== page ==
This week's topic: Should San Diego put in place a half-cent sales tax to help close the city's budget gap?-- Ed.
Quient's Punch: The city’s budget deficit is estimated at $72 million for FY2012, and nearly $70 million for the two years after that. Think about that for a second. Continuing on this path could be devastating for the city, with essential city services, including public safety, bearing the brunt.
The choice is not an easy one: Bring in more revenue through increased taxes or continue to cut vital city services. The cuts the city has been making for years are already having heartbreaking consequences -- just this week, San Diego Fire Rescue did not reach a choking toddler in time to save his life because of the department’s cost-cutting “brownouts.”
At the end of the day, voters should get to choose. A citywide ballot measure that is easy to understand so the people can decide whether they want more cuts to public safety or are willing to pay an extra half-cent. One thing is clear: Maintaining the status quo is not an option.
Lund's Punch: Placing a half-cent sales tax on the city of San Diego to close the budget gap would be like giving an alcoholic a drink during rehab to “help with the pain.” It’s counterproductive and damaging to the overall success of our city. I can understand why the members of the City Council Rules Committee voted to bring this before the council, but I think that those members should have had the sense to say no instead.
Clearly, Californians -- and especially San Diegans -- did not want a statewide sales tax implemented to “save our state,” and they will not want a local sales tax to “save our city.” They believe our governments must live within their means, just as private citizens have to do. Taking more money from San Diegans during this economic uncertainty is a horrible idea. The city’s bad habits should not become the citizen’s burden.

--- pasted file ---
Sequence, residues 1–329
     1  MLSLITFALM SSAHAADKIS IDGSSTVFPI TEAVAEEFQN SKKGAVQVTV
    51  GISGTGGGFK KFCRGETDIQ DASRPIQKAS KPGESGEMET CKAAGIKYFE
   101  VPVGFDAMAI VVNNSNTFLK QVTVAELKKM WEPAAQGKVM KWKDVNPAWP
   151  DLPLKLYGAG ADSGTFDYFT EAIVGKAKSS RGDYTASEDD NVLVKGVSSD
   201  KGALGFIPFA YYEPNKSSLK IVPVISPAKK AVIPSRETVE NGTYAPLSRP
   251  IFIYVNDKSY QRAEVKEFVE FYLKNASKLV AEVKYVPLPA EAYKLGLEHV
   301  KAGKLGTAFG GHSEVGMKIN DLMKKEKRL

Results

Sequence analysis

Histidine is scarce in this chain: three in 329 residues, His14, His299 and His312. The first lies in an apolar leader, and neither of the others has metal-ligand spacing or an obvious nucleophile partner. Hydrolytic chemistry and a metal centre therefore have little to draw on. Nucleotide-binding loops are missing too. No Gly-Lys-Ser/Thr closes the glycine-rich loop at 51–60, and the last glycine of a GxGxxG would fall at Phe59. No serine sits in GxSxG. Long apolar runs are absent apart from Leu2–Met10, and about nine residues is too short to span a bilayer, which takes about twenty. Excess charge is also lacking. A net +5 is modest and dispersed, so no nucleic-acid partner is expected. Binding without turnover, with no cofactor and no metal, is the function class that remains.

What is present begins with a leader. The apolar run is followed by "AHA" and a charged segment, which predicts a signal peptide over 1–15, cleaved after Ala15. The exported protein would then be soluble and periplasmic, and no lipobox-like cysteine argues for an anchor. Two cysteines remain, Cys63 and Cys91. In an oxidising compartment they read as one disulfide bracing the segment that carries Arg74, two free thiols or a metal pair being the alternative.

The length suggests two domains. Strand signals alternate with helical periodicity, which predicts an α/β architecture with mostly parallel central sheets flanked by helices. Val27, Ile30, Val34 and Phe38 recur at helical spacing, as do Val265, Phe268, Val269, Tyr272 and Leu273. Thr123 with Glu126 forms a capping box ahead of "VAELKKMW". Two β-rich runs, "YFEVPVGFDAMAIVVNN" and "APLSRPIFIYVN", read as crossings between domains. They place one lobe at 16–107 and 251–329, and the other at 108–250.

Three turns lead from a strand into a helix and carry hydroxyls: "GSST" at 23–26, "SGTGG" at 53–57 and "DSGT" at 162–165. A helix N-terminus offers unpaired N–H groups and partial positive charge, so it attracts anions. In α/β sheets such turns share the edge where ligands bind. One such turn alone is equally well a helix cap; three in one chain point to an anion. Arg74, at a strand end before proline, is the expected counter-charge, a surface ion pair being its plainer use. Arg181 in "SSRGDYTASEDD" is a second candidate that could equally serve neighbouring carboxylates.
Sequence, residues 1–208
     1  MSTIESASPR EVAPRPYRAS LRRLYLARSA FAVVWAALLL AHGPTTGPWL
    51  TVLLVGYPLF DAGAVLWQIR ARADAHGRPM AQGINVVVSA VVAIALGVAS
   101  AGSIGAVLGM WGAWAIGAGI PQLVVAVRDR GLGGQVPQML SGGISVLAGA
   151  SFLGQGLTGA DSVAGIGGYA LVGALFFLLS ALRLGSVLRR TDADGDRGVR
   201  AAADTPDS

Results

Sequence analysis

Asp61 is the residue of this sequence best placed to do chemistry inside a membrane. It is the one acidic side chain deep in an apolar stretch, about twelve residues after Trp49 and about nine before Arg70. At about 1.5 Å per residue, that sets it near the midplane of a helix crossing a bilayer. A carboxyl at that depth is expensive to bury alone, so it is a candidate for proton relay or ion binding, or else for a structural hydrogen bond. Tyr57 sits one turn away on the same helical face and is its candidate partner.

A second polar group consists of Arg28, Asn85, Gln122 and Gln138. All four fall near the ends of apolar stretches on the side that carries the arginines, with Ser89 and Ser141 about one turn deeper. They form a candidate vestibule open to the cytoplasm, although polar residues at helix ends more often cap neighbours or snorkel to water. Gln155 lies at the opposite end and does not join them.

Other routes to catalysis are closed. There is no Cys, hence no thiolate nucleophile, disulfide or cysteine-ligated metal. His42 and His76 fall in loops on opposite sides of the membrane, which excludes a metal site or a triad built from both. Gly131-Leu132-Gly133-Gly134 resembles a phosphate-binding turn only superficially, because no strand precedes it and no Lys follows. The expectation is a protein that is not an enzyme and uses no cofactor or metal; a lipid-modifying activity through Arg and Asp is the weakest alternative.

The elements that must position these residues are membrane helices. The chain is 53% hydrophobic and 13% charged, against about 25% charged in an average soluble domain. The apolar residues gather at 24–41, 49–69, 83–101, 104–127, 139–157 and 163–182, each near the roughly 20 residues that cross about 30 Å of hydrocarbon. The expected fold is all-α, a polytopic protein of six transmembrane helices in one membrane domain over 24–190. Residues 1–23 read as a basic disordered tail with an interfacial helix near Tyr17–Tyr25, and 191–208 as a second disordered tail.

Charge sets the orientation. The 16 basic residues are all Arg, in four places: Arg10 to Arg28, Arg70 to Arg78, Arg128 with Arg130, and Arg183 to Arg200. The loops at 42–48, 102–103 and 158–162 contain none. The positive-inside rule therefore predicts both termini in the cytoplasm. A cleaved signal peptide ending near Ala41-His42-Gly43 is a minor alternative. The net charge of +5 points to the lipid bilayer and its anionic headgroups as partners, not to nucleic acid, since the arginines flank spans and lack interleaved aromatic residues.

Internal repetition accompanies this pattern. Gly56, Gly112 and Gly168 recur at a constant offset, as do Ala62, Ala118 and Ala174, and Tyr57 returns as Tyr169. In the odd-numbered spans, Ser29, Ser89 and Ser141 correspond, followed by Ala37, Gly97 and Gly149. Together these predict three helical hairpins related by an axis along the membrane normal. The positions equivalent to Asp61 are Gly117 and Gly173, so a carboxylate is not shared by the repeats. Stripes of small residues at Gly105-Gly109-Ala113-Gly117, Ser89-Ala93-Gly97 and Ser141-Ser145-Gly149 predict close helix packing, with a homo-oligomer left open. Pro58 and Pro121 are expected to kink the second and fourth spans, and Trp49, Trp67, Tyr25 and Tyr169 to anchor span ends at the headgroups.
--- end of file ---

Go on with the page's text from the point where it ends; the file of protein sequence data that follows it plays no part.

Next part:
Quient's Counterpunch: That may be the case, but the voters of San Diego should have the opportunity to make an informed choice, and if enough of them agree with you, an additional half-cent sales tax won’t pass. One additional point: The city’s bad habits have become the citizens' burdens, and as more services are cut, that burden will become heavier. We need bold, innovative solutions from our leaders.
Lund's Counterpunch: The people of San Diego know full well the impact that lavish pensions and overtime expenses have cost. Because of this, the city negotiated ways to save money. The problem with our city is that it is still too expensive to operate, and a half-cent sales tax increase will barely even begin to solve the problem. Real reform is needed to bring our services back.
Jared Quient is the director of project development at AMSOLAR, a local solar energy company that develops innovative solar solutions for schools. He is also the treasurer of the San Diego County Young Democrats and is on the board of the San Diego League of Conservation Voters.
Andrew Lund is the president of the San Diego Young Republicans